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Self-Reported and Observed Punitive Parenting Prospectively Predicts Increased Error-Related Brain Activity in Six-Year-Old Children

An Erratum to this article was published on 07 April 2015

Abstract

The error-related negativity (ERN) is a negative deflection in the event-related potential (ERP) occurring approximately 50 ms after error commission at fronto-central electrode sites and is thought to reflect the activation of a generic error monitoring system. Several studies have reported an increased ERN in clinically anxious children, and suggest that anxious children are more sensitive to error commission—although the mechanisms underlying this association are not clear. We have previously found that punishing errors results in a larger ERN, an effect that persists after punishment ends. It is possible that learning-related experiences that impact sensitivity to errors may lead to an increased ERN. In particular, punitive parenting might sensitize children to errors and increase their ERN. We tested this possibility in the current study by prospectively examining the relationship between parenting style during early childhood and children’s ERN approximately 3 years later. Initially, 295 parents and children (approximately 3 years old) participated in a structured observational measure of parenting behavior, and parents completed a self-report measure of parenting style. At a follow-up assessment approximately 3 years later, the ERN was elicited during a Go/No-Go task, and diagnostic interviews were completed with parents to assess child psychopathology. Results suggested that both observational measures of hostile parenting and self-report measures of authoritarian parenting style uniquely predicted a larger ERN in children 3 years later. We previously reported that children in this sample with anxiety disorders were characterized by an increased ERN. A mediation analysis indicated that ERN magnitude mediated the relationship between harsh parenting and child anxiety disorder. Results suggest that parenting may shape children’s error processing through environmental conditioning and thereby risk for anxiety, although future work is needed to confirm this hypothesis.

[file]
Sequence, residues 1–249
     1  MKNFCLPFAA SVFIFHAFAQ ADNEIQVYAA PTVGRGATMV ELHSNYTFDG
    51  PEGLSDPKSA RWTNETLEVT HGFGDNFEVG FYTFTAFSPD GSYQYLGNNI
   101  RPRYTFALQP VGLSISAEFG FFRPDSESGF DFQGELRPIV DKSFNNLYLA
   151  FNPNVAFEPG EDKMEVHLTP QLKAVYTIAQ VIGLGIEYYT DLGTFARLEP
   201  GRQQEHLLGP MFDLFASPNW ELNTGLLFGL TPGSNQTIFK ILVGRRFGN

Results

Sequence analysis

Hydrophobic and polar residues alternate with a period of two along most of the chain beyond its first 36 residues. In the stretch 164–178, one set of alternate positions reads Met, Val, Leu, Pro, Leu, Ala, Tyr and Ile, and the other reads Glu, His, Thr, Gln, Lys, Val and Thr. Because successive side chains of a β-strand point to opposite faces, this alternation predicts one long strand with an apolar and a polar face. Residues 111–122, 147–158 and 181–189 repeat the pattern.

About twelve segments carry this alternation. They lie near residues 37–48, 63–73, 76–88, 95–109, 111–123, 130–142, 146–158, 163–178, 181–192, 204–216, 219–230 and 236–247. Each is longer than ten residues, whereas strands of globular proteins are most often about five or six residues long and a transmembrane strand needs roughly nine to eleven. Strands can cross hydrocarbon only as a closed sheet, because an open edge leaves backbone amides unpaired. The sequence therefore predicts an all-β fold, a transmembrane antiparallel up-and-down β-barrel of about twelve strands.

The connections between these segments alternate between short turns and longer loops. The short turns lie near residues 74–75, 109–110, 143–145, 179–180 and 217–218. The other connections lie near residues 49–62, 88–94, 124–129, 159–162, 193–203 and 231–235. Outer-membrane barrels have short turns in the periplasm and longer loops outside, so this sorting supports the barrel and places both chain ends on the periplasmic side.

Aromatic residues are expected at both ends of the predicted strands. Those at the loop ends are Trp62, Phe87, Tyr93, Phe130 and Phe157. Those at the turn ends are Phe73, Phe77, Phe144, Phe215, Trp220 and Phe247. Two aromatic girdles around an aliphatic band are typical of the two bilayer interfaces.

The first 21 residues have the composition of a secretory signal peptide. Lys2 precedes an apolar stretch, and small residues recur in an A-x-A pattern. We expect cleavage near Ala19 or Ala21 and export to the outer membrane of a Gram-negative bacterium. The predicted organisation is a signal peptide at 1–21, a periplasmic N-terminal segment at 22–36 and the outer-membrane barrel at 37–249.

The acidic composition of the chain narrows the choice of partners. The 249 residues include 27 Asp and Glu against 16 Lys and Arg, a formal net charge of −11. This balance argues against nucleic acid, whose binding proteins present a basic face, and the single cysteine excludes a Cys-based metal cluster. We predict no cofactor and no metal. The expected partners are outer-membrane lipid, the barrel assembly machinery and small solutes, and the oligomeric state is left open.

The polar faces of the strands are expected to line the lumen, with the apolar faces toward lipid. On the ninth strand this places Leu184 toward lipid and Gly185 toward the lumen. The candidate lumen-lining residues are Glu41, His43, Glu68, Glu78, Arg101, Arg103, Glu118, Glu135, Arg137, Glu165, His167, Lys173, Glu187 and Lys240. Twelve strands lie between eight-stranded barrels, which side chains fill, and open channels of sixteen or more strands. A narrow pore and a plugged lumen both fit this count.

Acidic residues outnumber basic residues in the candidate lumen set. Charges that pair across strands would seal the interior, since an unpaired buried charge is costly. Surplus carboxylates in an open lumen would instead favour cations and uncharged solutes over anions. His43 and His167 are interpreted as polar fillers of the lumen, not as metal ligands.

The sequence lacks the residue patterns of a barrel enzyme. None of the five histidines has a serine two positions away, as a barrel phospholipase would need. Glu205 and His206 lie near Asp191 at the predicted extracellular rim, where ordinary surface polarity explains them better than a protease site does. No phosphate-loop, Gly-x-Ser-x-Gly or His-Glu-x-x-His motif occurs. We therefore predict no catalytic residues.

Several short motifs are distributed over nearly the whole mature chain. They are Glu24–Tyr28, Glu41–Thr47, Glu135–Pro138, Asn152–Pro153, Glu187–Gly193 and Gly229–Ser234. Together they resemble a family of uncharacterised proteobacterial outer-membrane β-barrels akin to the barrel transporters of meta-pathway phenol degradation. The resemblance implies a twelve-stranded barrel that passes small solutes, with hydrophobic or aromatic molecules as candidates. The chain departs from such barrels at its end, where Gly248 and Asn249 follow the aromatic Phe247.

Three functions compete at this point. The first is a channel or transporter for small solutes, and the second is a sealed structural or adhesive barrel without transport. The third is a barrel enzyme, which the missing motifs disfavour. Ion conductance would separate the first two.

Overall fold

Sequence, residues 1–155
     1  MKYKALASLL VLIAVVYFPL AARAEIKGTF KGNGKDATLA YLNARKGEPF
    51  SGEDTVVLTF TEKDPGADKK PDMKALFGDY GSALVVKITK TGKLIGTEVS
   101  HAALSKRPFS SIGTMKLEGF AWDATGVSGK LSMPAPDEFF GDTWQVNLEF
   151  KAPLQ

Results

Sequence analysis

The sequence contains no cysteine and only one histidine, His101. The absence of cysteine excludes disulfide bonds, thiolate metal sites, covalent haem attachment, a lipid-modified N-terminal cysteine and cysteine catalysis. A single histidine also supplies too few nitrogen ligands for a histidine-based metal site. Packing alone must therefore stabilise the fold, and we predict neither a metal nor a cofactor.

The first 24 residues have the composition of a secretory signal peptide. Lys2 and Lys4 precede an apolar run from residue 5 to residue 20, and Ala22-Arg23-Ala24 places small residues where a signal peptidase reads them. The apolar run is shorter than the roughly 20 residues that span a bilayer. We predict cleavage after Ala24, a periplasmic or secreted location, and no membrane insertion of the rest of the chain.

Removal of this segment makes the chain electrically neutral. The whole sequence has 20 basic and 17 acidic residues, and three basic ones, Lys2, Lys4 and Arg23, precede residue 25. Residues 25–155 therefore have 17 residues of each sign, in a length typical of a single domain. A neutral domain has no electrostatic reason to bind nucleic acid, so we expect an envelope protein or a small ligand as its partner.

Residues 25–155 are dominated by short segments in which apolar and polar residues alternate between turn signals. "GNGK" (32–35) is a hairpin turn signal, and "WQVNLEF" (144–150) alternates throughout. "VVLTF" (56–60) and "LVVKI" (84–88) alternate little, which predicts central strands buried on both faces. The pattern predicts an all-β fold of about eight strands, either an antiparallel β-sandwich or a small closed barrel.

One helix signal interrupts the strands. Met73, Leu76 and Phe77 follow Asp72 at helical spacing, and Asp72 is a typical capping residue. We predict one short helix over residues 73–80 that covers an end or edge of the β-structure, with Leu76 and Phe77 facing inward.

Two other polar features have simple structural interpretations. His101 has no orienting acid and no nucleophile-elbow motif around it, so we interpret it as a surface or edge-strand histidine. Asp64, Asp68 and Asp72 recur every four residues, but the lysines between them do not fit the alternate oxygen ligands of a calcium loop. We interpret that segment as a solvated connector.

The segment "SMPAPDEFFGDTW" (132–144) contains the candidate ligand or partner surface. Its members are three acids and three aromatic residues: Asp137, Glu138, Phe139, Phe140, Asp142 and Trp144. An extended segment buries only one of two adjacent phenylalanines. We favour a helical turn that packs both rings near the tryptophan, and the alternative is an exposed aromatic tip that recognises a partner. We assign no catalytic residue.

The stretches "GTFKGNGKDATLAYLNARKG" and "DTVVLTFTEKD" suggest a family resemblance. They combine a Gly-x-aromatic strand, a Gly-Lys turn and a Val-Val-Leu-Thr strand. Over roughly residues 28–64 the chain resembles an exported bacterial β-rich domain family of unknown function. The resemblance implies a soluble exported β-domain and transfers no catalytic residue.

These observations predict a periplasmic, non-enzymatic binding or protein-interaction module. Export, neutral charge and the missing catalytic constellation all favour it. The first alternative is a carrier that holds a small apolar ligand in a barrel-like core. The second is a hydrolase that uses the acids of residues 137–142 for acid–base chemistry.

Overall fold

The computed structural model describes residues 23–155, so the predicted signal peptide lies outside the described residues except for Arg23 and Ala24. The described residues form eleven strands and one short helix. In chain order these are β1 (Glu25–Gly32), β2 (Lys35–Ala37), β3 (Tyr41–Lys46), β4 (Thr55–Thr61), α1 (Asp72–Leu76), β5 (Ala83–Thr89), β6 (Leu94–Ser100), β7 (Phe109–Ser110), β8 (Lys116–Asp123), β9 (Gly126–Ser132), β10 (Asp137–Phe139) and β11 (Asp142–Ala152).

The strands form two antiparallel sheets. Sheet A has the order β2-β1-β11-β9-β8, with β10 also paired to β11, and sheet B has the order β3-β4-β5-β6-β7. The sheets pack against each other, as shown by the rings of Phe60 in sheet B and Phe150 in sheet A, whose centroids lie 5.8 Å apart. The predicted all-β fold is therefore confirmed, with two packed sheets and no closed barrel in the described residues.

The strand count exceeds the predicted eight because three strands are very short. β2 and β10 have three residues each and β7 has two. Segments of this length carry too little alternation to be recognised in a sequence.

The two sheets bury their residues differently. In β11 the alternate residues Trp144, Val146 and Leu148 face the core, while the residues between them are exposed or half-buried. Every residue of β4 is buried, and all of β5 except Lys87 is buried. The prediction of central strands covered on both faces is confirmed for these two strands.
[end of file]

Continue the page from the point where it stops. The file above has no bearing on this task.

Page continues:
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Fig. 1

Notes

  1. These 87 children did not differ from the rest of the sample in age, race, or any of the parenting measures, all ps > 0.20.

  2. Behavioral data for this sample has been previously reported (Meyer et al. 2013a; Torpey et al. 2011; Torpey et al. 2013). In the current sample, reaction time during correct trials, M = 625.67, SD = 73.63, was significantly slower than during error trials, M = 505.23, SD = 87.69, F(1, 268) = 992.23, p < 0.001. On average, children committed 15.89 errors, SD = 7.30, and made 212.14, SD = 15.39, correct responses. Neither reaction times during error or correct trials or accuracy was related to any of the parenting variables (observed or self-reported) in the current study, all ps > 0.10.

  3. The reduction in significance between the ΔERN and authoritarianism in the regression (compared to the bivariate correlation) was due to including observed parenting in the model, not due to including the other PDSQ factors. In a model including age and all PDSQ factors predicting ΔERN, authoritarianism was related to the ΔERN, p < 0.05.

  4. When child fear (measured observationally at Age 3), parental education, the Hollingshead Four-Factor Index of Socioeconomic Status, and maternal lifetime history of anxiety, substance abuse, or depression are added as covariates to the simultaneous regression, the pattern of results is not altered (authoritarian parenting and hostility are associated with an increased ERN in children).

  5. In the previous study on a subset of 48 of these participants (Meyer et al. 2013b), the ERN was maximal at Cz and scored at this site. However, in the current larger sample, the ERN was maximal at Fz. Regardless of whether the ERN is measured at Cz or Fz, in either sample, children with anxiety disorders are characterized by an increased ΔERN.

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Meyer, A., Proudfit, G.H., Bufferd, S.J. et al. Self-Reported and Observed Punitive Parenting Prospectively Predicts Increased Error-Related Brain Activity in Six-Year-Old Children. J Abnorm Child Psychol 43, 821–829 (2015). https://doi.org/10.1007/s10802-014-9918-1

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Keywords

  • Error-related negativity
  • ERN
  • Parenting
  • Children
  • Development
  • Response monitoring
  • Anxiety